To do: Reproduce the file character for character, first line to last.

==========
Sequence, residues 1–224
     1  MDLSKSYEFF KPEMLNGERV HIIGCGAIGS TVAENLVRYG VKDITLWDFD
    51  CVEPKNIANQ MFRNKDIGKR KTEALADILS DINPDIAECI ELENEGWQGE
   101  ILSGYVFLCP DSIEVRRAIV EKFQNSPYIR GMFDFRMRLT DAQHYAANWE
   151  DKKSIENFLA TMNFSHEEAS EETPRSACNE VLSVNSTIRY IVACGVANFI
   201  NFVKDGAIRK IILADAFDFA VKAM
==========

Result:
Sequence, residues 1–224
     1  MDLSKSYEFF KPEMLNGERV HIIGCGAIGS TVAENLVRYG VKDITLWDFD
    51  CVEPKNIANQ MFRNKDIGKR KTEALADILS DINPDIAECI ELENEGWQGE
   101  ILSGYVFLCP DSIEVRRAIV EKFQNSPYIR GMFDFRMRLT DAQHYAANWE
   151  DKKSIENFLA TMNFSHEEAS EETPRSACNE VLSVNSTIRY IVACGVANFI
   201  NFVKDGAIRK IILADAFDFA VKAM